UPDATE (8:05 PM): The upgrade installation fee for the Astro Ultra box has been revealed. More on that right here. This article has also been updated to accurately reflect the LNB unit for Astro Ultra.
ORIGINAL STORY (2:32 PM):
Its rollout was delayed for quite some time, but Astro is finally launching the company’s new TV box, Astro Ultra to the public. While today’s launch event marked the official public debut of the box, Astro Ultra box has already made rounds to selected users since a few months ago as part of the company’s beta test program.
However, my media test unit only came earlier this week which means that the things we going to discuss moving forward are skewed to the public rollout phase instead of the earlier beta test. Before we go further, I would like to note that I’m not an existing Astro subscriber (surprise!), so you are going to see this from the eyes of a first-time customer.
When the Astro installer team came to set up the Astro Ultra in my home, I asked what’s the difference between the standard Astro satellite dish and the one used to deliver Astro UHD service through Astro Ultra box, I was told that the low-noise block downconverter (LNB) or generally referred to as “the receiver” by most of us is different from the LNB unit that Astro has deployed in the past.
The difference comes in the form of LNB type as the unit that Astro is deploying for Astro Ultra box is a dCSS LNB. Previously, the company utilized the Universal LNB for deployment to the consumer which it has since phased out from the market.
As for the size of the satellite dish itself, there are no changes to it as that satellite dish dimensions are actually regulated by our law. If you already have an existing dish, Astro’s installer team will first check whether it is suitable for the new Astro Ultra box and would replace it if they have to.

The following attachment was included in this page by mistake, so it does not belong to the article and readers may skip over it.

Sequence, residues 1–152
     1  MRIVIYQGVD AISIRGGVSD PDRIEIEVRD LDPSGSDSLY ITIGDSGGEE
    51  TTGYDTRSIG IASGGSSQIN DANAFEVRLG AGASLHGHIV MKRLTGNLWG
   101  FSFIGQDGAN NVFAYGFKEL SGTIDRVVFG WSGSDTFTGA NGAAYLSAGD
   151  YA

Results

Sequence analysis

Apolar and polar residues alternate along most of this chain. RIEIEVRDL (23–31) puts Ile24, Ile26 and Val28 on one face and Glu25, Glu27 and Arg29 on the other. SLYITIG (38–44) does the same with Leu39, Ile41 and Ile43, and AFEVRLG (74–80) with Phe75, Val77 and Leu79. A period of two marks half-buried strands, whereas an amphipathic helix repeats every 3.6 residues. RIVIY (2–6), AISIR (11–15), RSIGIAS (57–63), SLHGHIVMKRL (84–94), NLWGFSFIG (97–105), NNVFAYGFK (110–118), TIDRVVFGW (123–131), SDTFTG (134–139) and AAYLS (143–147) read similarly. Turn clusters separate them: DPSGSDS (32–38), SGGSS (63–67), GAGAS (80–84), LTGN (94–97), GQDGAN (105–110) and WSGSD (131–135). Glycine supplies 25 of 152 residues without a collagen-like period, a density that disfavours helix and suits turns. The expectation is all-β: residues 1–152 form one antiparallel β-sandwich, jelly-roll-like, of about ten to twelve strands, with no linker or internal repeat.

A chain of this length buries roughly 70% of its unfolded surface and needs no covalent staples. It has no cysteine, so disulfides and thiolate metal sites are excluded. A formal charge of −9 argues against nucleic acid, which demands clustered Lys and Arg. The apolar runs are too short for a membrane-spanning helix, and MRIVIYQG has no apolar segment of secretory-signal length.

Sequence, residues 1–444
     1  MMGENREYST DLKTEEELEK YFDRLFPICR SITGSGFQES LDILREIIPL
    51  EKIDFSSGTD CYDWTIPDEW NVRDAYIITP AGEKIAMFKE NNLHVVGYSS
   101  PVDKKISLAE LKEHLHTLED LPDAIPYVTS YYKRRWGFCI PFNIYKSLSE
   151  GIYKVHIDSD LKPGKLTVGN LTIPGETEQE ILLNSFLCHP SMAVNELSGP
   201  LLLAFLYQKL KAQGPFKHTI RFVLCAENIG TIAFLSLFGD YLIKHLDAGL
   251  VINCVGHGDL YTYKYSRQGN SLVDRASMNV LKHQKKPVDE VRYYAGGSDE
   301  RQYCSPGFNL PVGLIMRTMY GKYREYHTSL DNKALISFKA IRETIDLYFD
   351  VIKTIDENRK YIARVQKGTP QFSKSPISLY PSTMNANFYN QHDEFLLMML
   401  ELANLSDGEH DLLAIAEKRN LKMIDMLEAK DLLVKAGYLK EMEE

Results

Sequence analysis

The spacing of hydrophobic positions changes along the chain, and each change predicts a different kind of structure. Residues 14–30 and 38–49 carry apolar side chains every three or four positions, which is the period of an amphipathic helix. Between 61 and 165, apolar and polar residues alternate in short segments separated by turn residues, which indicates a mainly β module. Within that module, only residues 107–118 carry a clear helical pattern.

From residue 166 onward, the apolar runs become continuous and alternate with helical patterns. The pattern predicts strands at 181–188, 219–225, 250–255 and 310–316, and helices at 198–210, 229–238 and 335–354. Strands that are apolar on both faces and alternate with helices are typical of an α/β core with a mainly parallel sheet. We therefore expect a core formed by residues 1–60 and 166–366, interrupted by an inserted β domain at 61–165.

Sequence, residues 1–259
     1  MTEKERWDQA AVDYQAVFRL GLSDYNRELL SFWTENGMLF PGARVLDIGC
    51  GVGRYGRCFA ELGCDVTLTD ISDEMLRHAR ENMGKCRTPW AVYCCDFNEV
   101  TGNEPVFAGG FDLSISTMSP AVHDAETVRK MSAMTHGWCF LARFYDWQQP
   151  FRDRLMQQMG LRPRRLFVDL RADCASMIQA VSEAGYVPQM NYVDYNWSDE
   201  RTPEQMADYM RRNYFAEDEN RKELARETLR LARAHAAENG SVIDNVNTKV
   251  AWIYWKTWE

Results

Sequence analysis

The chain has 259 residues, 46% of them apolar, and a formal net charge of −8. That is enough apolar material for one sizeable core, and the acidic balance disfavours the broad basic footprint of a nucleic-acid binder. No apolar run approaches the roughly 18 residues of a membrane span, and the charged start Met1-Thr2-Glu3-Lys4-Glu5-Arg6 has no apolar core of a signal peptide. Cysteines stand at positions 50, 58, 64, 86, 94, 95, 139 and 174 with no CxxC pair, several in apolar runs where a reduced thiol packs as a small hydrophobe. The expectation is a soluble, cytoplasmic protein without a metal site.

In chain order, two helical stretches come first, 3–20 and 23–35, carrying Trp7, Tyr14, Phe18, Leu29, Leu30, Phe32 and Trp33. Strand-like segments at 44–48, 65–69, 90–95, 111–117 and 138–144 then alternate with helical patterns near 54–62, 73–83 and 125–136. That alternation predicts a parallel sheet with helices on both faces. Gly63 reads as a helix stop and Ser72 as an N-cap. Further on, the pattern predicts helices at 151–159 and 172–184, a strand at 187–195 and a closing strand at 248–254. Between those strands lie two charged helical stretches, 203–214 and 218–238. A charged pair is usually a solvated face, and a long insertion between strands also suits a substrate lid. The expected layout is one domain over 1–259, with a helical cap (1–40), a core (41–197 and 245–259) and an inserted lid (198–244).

Moving on to the Astro Ultra box, it is certainly quite a departure from Astro’s previous TV box in terms of design. Instead of the usual rectangular design, the Astro Ultra box looks sleeker with its squircle shape and curvy edges that are being accentuated further by the LED status strip on the bottom front part of the TV box.
In terms of footprint, the Astro Ultra box doesn’t take that much space but still noticeably larger than my Huawei-made Unifi TV and Xiaomi Mi Box. Nevertheless, they all looked so tiny when compared to the massive 65-inch 2019 QA60R 4K QLED TV that Samsung has loaned us to pair with the Astro Ultra box.
Speaking about the manufacturer, it is quite interesting to note that the Astro Ultra box is made by Samsung as written on its label and installation guide. The same guide has also pointed out that the Astro Ultra offers Dolby Atmos and Dolby Digital Audio output via its HDMI 2.0 port while the box is also able to provide Dolby Digital Audio through its optical S/PDIF port.
The release of Astro Ultra also marked the arrival of cloud-based recording feature for Astro customers. Naturally, the box needs to be connected to the Internet in order for the feature to work and one can do via its Ethernet port or dual-band Wi-Fi connectivity.
Meanwhile, there are two USB ports on the back on the Astro Ultra box. While one of them is a USB 3.0 port that is made for users to store PVR contents into an external hard drive, the USB 2.0 port actual purpose is still a mystery since the Astro Ultra’s installation guide stated that the port is “reserved for future usage“.
The same label has also been given to the box’s microSD card slot and the microphone button on Astro Ultra’s remote control. Since I couldn’t locate any actual microphone on both the box and the remote itself, the inclusion of the microphone button is rather odd.
Another interesting I noticed is that Astro Box utilizes a SIM card instead of the usual full-sized smart card that the company have been using for decades. Given the size difference, it seems that the card is made specially for Astro Ultra.
All of the above observations were made based just on my first three days with Astro Ultra. Hence, there are still plenty of things that I going to explore including the Astro UHD service, the cloud recording feature, and new user interface.
Not to forget, there is also the question of how much do customers need to pay for these new features. This is something that we hope to have the answer at the Astro Ultra launch event later this afternoon. So, stay tuned.
Astro Ultra box and Astro UHD trial subscription is courtesy of Astro. The 2019 Samsung QA60R 4K QLED TV loan demo unit is courtesy of Samsung Malaysia.